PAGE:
The Select Conference on Industry Litigation was held on May 3 and 4 in Squaw Valley. This semiannual conference is a gathering of industry litigators and land use practitioners for a high-level roundtable discussion of pending litigation and new regulatory developments.

Coastal Commission

  • The Bowman case discussed above was a major source of discussion.
  • Coastal Commission staff is in the process of preparing guidance relating to sealevel rise. No good is likely to result.
  • The speedy approval of the Santa Monica Mountains LCP was also discussed as an unusual circumstance.

Delta Litigation and Water Supply

  • The science upon which restrictions on pumping from the Delta are premised is faulty. Notwithstanding the acknowledgement of the flaws in the studies, the Ninth Circuit Court of Appeals held that reliance on flawed data was within the discretion of U.S. Fish and Wildlife. Contrast this holding with the willingness of courts to invalidate the analysis of regulatory agencies when the challenge is brought by environmental advocacy groups.


  • AB 440, enacted last year, is designed to replace the Polanco Act protections for property acquired by local government that may be affected by hazardous materials.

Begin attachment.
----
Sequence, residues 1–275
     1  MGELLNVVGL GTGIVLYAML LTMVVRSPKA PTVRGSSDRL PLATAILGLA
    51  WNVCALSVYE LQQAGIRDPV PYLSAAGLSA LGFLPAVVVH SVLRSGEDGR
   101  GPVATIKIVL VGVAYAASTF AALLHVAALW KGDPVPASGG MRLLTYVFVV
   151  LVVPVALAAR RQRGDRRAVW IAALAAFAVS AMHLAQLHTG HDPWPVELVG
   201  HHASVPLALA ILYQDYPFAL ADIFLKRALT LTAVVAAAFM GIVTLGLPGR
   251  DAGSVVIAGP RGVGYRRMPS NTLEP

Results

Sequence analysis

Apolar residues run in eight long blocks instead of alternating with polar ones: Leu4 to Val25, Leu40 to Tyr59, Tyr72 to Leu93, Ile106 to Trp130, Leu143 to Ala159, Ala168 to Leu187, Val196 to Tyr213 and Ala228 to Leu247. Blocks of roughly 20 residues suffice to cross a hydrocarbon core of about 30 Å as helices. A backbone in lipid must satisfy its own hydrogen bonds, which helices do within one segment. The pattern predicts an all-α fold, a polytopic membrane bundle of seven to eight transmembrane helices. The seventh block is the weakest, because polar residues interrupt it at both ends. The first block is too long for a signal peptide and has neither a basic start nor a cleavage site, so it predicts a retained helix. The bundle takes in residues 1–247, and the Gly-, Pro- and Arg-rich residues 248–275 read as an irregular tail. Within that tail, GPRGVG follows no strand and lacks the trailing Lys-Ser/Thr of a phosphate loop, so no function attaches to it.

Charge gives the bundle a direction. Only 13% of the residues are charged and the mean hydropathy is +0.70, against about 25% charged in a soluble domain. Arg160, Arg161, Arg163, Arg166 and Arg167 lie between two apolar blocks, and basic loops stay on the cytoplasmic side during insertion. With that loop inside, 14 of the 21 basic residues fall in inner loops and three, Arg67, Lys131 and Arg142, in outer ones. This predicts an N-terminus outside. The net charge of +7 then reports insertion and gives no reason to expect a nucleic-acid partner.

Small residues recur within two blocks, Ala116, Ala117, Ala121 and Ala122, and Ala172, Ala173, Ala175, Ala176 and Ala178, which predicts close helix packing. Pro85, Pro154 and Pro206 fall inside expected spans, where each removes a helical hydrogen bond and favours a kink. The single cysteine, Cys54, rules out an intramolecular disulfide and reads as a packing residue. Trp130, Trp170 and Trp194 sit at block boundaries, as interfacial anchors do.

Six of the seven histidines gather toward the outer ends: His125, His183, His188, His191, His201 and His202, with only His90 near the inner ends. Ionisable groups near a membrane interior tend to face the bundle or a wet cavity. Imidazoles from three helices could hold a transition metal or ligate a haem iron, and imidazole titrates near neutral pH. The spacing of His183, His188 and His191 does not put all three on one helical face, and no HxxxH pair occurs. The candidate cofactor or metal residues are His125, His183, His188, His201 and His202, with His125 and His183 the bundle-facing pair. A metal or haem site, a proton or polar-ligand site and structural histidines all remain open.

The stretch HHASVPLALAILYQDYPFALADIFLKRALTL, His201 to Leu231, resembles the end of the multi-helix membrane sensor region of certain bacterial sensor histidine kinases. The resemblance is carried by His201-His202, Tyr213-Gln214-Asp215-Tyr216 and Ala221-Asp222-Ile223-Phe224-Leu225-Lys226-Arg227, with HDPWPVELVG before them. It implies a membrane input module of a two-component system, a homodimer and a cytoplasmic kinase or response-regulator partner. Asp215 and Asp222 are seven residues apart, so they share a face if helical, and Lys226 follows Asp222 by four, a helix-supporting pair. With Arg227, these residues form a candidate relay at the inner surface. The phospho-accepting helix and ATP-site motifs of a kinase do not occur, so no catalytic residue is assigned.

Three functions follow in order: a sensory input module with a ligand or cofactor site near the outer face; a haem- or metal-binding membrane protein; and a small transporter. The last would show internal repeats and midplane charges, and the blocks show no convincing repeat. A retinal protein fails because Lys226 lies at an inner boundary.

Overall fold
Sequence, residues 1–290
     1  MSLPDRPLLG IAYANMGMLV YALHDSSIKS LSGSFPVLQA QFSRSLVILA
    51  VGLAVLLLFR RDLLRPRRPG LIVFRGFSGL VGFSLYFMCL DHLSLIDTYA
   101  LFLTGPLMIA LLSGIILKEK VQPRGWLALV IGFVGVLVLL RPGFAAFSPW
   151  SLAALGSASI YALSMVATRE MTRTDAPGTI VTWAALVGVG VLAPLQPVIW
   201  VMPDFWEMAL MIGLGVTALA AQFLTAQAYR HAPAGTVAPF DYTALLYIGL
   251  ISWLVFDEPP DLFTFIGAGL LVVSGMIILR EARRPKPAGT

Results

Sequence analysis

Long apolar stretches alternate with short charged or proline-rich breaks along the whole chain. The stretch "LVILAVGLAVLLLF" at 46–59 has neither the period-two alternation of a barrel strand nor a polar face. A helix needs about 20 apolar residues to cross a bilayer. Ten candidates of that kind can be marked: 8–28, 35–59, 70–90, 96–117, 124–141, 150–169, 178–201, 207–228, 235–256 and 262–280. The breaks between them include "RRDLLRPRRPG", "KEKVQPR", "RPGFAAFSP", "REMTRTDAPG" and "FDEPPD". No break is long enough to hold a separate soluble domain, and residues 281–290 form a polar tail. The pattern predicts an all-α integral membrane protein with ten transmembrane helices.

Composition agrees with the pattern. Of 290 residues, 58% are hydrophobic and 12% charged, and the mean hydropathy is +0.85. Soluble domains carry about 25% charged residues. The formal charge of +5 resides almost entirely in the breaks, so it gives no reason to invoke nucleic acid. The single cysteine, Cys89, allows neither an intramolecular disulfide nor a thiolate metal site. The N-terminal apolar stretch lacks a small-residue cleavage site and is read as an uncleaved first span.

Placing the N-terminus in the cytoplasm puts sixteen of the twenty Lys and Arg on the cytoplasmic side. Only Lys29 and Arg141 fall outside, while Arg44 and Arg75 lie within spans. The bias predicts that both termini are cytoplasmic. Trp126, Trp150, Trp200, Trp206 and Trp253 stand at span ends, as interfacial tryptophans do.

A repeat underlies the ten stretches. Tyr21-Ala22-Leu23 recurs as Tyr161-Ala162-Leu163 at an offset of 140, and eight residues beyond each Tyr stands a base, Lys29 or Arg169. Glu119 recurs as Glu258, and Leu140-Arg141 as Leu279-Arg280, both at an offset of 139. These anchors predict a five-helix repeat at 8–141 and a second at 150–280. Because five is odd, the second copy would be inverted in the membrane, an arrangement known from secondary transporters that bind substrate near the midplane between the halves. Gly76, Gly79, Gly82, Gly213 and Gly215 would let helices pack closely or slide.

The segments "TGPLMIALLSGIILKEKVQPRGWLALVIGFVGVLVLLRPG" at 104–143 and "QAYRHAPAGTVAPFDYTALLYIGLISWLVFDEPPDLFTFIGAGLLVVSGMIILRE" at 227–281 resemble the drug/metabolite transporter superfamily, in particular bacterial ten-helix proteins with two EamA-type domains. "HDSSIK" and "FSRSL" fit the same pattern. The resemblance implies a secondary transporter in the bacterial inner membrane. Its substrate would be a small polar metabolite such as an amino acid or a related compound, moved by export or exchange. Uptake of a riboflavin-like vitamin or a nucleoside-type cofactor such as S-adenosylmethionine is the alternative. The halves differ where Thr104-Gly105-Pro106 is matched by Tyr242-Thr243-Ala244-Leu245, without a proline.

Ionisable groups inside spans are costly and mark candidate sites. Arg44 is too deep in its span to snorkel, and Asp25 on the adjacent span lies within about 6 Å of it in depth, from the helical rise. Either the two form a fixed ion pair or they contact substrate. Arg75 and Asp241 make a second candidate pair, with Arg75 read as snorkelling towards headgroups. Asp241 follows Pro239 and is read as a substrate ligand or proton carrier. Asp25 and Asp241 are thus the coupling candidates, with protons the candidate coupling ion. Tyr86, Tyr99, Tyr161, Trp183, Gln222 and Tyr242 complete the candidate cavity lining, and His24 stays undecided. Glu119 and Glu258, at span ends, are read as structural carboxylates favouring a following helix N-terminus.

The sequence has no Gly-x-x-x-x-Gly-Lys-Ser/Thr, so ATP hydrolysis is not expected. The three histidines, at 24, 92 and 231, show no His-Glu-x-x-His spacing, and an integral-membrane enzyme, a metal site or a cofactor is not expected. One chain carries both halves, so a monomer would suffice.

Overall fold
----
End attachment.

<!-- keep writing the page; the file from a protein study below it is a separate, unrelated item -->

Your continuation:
• AB 243, pertaining to infrastructure districts, may now have the support of the Governor’s office and would make tax increment funding available under certain circumstances for infrastructure projects.

Prevailing Wages

  • This administration’s aggressive approach to making prevailing wage determinations, particularly with regard to the calculation of fair market value, is of growing concern.


  • As is the usual circumstance, there was an extensive discussion of CEQA cases and trends in the courts.
  • OPR is also preparing new guidelines to address traffic impacts. Apparently, the focus will become vehicle miles traveled (VMT) as opposed to Line of Sight calculations. While this will further the sustainability agenda, it will be difficult to mitigate impacts based on VMT analysis.

Wetlands Enforcement Actions

  • The Army Corps of Engineers was dealt a setback by an Eastern California District Court order holding that a cease and desist order cannot be issued without affording the party with a due process hearing. How the Corps will react is yet to be seen as other agencies build in such procedures which the Corps could adopt. At the same time, the court’s ruling was based on the Corps’ extensive references to criminal and civil penalties that could apply if the order is ignored.